Nowadays, the tv is a real treat– to be enjoyed in the form of a family movie, a cooking show on the local access channel (seen every once in a while), or when I’m sick, in the case of last night. However, I no longer pick up the remote when I am “bored”. And I’m currently breaking the habits of aimlessly surfing the internet when I “bored”, too. Instead, I’ll listen to an audiobook– an engaging thing to do while I lay about or do chores!

I’m overall very happy with my decision not to watch regular tv– and when I do it’s because I pop in a cooking DVD or movie I picked up at the library, seen as a novelty (much as ice cream was before freezers). I will often play those DVDs in my computer, so as to hang out with the rats! I find that when I watch regular tv, my attention gets distracted away from what is really important to me; my rats, my blog, my cooking, and my life!

And besides, these guys are my real entertainment!


What are your opinions on the telly? I’m open to different views. Let me clarify real quick though, that I think TV is a great medium for reaching out to an audience that would not otherwise be aware of a subject– such as veganism, animal rights, etc.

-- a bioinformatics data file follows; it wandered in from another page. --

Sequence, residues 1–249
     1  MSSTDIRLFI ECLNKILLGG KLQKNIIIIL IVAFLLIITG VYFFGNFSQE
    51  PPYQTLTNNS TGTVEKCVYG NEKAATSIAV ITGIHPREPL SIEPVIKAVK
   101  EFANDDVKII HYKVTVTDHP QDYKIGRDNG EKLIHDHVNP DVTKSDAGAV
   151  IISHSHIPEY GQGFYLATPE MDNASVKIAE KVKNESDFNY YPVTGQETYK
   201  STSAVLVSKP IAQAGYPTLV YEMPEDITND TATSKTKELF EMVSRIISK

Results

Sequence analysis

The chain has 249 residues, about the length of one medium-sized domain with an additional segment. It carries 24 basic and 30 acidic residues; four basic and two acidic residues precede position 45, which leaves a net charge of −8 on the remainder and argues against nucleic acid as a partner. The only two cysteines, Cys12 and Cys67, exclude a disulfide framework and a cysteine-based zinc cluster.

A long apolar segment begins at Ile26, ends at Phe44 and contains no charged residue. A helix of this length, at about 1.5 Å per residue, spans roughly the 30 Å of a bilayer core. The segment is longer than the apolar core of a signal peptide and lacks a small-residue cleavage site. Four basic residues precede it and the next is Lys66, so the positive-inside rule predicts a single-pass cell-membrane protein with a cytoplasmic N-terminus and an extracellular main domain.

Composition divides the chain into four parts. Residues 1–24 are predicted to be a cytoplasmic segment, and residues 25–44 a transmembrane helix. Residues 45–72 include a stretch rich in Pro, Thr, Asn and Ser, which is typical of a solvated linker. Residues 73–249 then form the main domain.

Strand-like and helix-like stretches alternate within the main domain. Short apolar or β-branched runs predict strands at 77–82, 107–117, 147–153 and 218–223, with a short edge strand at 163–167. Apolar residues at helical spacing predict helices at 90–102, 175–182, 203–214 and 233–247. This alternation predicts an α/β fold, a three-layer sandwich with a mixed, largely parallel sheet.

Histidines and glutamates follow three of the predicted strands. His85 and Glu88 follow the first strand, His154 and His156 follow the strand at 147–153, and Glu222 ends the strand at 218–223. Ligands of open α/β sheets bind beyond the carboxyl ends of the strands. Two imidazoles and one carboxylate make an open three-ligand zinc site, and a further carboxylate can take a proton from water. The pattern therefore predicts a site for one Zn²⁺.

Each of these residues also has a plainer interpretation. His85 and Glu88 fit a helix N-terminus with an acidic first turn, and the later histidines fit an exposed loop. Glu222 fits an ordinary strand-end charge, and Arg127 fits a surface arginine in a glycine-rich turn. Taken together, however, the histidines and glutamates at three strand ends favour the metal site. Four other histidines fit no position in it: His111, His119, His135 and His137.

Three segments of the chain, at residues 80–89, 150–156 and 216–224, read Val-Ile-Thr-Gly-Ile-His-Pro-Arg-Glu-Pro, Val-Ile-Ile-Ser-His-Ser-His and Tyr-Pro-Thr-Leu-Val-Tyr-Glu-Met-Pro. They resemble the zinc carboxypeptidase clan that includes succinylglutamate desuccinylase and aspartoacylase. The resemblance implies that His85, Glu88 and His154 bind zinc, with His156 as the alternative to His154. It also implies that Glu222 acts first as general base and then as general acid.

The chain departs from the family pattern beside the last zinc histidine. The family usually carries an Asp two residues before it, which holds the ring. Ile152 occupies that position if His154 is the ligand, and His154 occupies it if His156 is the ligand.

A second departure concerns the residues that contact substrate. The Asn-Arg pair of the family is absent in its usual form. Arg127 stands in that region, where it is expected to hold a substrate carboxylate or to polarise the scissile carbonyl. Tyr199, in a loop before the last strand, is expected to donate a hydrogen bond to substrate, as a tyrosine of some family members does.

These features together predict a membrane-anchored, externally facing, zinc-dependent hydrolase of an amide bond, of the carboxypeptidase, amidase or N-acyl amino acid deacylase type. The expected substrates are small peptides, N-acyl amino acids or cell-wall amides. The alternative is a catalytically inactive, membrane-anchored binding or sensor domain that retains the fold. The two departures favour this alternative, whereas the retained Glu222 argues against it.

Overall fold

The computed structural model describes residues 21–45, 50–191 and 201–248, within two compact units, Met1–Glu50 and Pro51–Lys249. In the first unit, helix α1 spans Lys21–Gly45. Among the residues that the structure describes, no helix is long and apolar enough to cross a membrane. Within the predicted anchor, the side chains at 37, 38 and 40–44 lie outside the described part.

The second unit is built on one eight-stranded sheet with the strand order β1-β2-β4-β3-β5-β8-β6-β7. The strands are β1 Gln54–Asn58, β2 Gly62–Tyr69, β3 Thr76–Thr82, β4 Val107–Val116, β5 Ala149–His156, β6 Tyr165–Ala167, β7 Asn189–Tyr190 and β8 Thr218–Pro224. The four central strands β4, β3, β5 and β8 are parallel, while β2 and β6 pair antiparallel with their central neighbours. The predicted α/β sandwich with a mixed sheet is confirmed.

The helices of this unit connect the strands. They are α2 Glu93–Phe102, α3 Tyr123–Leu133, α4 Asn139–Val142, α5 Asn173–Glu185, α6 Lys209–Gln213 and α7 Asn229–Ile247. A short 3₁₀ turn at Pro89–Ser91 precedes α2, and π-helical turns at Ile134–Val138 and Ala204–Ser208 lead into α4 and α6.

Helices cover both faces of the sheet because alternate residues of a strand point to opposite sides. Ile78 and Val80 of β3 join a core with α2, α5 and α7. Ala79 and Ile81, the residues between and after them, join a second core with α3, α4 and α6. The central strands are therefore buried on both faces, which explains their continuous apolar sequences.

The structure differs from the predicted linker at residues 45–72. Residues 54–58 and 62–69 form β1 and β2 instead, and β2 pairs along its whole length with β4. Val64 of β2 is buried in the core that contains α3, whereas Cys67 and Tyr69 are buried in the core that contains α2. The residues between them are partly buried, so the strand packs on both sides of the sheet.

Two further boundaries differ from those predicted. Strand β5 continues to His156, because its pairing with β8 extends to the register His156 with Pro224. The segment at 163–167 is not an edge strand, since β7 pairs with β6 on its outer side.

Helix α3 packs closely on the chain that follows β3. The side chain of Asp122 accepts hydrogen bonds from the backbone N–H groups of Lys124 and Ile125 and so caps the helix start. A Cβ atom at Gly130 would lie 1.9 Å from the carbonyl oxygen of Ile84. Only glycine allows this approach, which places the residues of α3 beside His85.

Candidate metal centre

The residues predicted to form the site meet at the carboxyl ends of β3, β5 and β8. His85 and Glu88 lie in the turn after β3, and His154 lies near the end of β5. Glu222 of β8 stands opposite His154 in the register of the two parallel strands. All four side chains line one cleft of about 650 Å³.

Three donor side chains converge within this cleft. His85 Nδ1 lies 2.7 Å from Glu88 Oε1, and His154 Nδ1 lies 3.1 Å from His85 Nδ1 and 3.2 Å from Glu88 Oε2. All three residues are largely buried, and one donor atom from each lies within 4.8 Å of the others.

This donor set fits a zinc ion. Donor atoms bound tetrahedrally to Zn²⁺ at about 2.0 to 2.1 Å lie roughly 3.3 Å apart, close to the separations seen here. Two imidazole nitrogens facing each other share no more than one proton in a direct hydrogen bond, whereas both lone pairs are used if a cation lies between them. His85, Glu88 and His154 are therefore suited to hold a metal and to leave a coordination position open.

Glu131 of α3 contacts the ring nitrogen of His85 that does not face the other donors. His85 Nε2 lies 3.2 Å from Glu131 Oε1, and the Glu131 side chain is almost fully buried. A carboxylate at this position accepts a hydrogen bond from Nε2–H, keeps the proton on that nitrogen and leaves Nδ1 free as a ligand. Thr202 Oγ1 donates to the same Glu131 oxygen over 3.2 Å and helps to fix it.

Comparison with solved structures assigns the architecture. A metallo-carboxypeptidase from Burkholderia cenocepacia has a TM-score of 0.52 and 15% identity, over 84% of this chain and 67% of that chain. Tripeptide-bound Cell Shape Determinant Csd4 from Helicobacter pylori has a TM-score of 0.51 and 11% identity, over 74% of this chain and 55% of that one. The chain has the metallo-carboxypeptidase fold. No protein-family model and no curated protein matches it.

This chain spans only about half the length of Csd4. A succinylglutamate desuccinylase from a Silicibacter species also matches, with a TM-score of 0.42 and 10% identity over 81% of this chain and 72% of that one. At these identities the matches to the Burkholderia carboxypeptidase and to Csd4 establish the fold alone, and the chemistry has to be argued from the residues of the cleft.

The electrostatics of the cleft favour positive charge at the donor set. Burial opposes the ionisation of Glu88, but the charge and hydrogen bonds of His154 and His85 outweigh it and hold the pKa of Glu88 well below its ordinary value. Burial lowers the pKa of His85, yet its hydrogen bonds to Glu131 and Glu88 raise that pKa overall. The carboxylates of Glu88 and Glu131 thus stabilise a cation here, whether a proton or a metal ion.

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5 Responses to TV Watching: My Views

  1. danidelicatessen says:

    I think TV is fine in moderation, I mean watching an hour or two a day won’t kill you, but I don’t think kids should be sitting in front of it all day like they do. I think when I have kids an a family I’ll have a tv, but keep it for movie watching and the food network : )

  2. Stephanie says:

    I used to be totally glued to the TV but now I rarely watch it. I like watching the Discovery Channel sometimes (MythBusters is the greatest thing ever… maybe not, but it’s freaking awesome) as well as CFL and NHL games. I hate the commercials though. It’s all for crap that we don’t need. I keep seeing this one of this frozen crap food that tastes like real cheeseburgers but instead of a bun it looks more like a calzone. Uh, if you want a cheeseburger, why don’t you just eat one? The frozen one isn’t going to be ANY better for you. Sooo stupid.
    This probably sounds weird but your rats remind me of the kittens I used to pet at the Humane Society last summer when I volunteered there.

  3. Aww sorry you weren’t feeling the best, hun. I hope you feel better soon ❤

    I'm not much of a TV watcher, but that's mostly because I never usually find anything that can hold my attention for very long and I get kind of bored. I don't really think there's anything wrong with watching TV, per say, as long as you aren't spending your life glued to the screen, and you're careful about what you watch. There's so much misinformation out there, and people with hidden agendas, and watching too much of that crap can have some negative effects on the way we think.

  4. Adriana says:

    I hope you feel better soon! We actually don’t have a TV at all, and I find that I have much more time to spend in a better (and more enjoyable) way without one. I’m not against watching it in moderation, though, especially if watching educational programs.